Thursday, July 19 , 2018, 3:16 am | Fair 63º

 
 
 
 

Cinema in Focus: ‘Righteous Kill’

This psychological murder mystery is a dark, engaging and powerful drama.

3 Stars — Thought-provoking

The fact that more police do not lose their moral footing is an amazing thing. Having to put their own lives in harm’s way in order to protect us, police officers have to immerse themselves in the underside of humanity with all the stench that such a place emits. When their personal danger and sacrifice is added to the often frustrating reality that dangerously destructive people are able to avoid prosecution because of legal technicalities, then a sense of righteous indignation can overwhelm the soul. Although this film chronicles an extreme reaction, a psychological and moral study of these pressures is presented in Jon Avnet‘s film Righteous Kill.

Written by Russell Gewirtz (Inside Man), the story is complex and engaging, though its subject is dark and unpleasant. The central characters are two veteran detectives, each with more than 30 years of service in the New York City Police Department.

Turk (Robert De Niro) is the passionate and compassionate member of the partnership who angrily reacts to both the horror of the crimes he investigates as well as the injustices he sees in the courtroom. Rooster (Al Pacino) is the intelligent and contemplative partner who plays chess in the park as well as evaluates the next moves of the killers and rapists they are trying to capture.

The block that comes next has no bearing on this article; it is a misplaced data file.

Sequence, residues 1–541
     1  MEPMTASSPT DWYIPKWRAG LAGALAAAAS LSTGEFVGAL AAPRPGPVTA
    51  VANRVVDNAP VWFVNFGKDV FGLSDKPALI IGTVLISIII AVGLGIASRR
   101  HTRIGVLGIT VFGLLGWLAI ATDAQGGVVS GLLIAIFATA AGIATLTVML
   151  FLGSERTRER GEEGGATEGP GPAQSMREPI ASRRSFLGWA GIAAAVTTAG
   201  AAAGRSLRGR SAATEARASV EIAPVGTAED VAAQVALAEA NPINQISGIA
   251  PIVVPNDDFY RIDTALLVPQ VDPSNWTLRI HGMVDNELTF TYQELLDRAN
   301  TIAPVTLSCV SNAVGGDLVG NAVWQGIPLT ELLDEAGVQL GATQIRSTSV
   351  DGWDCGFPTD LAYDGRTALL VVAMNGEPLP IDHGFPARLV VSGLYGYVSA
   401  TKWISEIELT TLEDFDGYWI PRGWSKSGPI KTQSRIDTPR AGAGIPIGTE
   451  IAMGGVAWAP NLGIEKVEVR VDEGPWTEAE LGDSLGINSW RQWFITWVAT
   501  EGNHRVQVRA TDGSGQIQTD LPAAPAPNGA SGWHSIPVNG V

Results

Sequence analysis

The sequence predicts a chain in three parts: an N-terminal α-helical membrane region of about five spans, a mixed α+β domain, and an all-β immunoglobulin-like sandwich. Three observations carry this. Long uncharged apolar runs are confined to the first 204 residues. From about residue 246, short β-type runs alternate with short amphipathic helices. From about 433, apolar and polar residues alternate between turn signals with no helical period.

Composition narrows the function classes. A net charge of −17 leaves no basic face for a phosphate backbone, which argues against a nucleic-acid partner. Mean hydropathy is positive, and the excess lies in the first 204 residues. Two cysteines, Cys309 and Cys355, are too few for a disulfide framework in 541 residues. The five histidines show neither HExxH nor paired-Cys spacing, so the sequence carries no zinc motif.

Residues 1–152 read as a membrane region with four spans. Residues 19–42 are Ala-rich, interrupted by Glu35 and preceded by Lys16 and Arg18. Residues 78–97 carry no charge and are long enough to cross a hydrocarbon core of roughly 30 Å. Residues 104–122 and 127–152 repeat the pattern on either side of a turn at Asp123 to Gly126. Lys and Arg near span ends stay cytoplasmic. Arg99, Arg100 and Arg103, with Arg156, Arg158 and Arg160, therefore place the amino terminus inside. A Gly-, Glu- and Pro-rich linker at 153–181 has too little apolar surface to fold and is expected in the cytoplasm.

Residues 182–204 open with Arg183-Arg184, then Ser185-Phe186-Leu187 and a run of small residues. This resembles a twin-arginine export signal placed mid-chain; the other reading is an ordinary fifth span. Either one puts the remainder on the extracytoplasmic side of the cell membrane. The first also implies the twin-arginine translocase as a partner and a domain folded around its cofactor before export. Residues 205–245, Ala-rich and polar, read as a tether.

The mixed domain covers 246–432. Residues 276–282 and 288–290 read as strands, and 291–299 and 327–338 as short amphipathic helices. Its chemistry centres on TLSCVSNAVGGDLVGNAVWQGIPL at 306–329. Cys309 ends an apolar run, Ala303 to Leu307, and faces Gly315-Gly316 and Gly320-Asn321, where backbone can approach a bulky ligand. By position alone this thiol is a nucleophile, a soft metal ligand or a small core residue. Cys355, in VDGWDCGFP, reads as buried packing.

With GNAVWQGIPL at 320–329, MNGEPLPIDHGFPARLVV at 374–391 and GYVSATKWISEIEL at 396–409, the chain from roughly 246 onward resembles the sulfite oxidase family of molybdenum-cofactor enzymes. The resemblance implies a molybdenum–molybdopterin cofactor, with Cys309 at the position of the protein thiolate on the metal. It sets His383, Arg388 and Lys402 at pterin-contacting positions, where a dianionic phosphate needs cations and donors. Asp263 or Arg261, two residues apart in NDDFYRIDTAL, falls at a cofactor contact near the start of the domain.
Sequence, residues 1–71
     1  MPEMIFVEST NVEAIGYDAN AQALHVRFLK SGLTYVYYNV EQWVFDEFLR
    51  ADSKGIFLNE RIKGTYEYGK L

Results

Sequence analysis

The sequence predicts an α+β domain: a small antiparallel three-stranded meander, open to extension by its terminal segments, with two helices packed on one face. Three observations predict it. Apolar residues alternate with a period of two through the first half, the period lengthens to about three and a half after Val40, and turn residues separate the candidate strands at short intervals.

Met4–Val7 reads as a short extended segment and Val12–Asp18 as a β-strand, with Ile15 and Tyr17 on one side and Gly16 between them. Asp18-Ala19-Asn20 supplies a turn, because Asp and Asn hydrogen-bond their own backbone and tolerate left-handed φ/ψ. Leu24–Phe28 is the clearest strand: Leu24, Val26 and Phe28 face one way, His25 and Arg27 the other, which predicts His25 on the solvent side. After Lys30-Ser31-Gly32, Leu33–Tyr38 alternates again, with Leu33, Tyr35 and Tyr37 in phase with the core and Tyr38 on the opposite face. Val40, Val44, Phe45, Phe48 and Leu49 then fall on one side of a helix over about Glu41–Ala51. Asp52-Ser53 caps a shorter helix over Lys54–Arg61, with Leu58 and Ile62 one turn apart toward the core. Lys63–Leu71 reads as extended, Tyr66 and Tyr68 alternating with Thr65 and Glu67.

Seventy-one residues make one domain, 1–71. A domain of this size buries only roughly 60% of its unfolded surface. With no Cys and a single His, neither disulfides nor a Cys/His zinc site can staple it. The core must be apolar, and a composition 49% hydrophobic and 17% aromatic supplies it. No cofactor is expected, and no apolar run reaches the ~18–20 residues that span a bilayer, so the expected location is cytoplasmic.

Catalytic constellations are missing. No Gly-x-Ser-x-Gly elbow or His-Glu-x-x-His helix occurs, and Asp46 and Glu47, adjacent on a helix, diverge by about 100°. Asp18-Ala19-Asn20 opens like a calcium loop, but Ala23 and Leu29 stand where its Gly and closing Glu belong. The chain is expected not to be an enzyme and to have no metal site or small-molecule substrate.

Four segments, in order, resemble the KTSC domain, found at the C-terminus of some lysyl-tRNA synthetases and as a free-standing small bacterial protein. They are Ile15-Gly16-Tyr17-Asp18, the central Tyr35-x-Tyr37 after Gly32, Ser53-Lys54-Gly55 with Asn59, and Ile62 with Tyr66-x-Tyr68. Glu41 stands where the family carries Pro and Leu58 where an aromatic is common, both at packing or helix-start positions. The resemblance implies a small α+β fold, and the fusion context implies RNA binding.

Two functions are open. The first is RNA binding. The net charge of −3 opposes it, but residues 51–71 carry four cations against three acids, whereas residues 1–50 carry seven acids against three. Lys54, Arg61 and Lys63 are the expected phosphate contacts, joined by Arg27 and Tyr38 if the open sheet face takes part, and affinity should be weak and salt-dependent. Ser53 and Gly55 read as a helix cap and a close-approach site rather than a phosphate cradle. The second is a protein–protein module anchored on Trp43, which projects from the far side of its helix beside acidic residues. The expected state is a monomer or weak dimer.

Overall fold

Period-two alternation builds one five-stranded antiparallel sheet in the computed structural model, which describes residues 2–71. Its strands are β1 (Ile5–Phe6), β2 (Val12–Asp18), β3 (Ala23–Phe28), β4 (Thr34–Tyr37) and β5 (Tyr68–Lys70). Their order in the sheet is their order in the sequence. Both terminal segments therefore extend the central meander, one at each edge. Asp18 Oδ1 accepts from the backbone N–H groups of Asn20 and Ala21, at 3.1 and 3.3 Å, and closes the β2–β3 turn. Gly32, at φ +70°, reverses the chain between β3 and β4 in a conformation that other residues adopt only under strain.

The plot revolves around a serial murderer who begins killing the criminals in a personal vigilante crusade. As the evidence mounts, it becomes increasingly clear to the two detectives that it is a police officer who is committing the crimes. Although they emotionally applaud the “righteous” nature of the judgment upon the criminals who are killed, they are nevertheless charged with the legal and moral responsibility to bring the killer to justice.

Included on their investigative team is their lieutenant, Hingis (Brian Dennehy) and two younger detectives, Simon Perez (John Leguizamo) and Ted Riley (Donnie Wahlberg). Adding a twist of both psychological dysfunction and sexual tension is Karen Corelli (Carla Gugino), whose passion for sadomasochism intersects with her work as an investigator of brutal and sexual murders and rapes.

Since the story is a mystery, we won’t tell any more of the plot, but the theme is resplendent with spiritual and moral questions. Who is a righteous person and what is a righteous act? What is faith, and does it matter in whom we place that faith? What is trust and loyalty, and what is a loyal act? When injustice occurs early in our life, how will it erupt later? What makes vigilante justice enticing and yet what would happen if we took matters into our own hands — both to us and to our shared lives?

Righteous Kill proclaims by its title that the deaths we will see are done for righteous reasons. The engaging twists within the film grab both our attention and our minds as we walk through both the morality and the implications of that claim. The film is R rated for language, violence and sexual content. This is not a film for sensitive viewers.

Discussion:

» The observation that “99 percent of the people are not even aware of the 1 percent who are trying to harm them” explains why we need police protecting us. Have you ever had the need to turn to the police for protection? How did the police respond?